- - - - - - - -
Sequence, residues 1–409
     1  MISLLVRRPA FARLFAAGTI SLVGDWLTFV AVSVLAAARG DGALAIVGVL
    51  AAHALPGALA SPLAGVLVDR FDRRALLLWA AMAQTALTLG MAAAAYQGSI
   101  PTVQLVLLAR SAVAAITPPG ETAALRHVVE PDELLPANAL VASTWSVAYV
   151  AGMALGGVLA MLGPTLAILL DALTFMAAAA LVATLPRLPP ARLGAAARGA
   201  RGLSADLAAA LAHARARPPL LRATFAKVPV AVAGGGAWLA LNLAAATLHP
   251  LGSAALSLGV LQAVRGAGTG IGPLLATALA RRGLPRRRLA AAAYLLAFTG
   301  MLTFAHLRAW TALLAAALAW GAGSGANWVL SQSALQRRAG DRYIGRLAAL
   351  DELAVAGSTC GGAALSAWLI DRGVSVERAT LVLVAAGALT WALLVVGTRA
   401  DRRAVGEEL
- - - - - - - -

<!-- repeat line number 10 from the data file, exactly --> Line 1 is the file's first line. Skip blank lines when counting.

   401  DRRAVGEEL